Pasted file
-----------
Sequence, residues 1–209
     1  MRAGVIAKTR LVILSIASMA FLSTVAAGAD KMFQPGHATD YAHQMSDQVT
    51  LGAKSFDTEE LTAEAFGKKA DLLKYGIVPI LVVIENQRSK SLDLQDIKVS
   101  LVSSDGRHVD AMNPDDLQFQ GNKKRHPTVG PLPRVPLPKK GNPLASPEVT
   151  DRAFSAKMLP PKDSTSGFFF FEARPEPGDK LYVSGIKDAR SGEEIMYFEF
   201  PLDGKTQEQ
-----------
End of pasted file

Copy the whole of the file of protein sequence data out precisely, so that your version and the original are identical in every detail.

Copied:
Sequence, residues 1–209
     1  MRAGVIAKTR LVILSIASMA FLSTVAAGAD KMFQPGHATD YAHQMSDQVT
    51  LGAKSFDTEE LTAEAFGKKA DLLKYGIVPI LVVIENQRSK SLDLQDIKVS
   101  LVSSDGRHVD AMNPDDLQFQ GNKKRHPTVG PLPRVPLPKK GNPLASPEVT
   151  DRAFSAKMLP PKDSTSGFFF FEARPEPGDK LYVSGIKDAR SGEEIMYFEF
   201  PLDGKTQEQ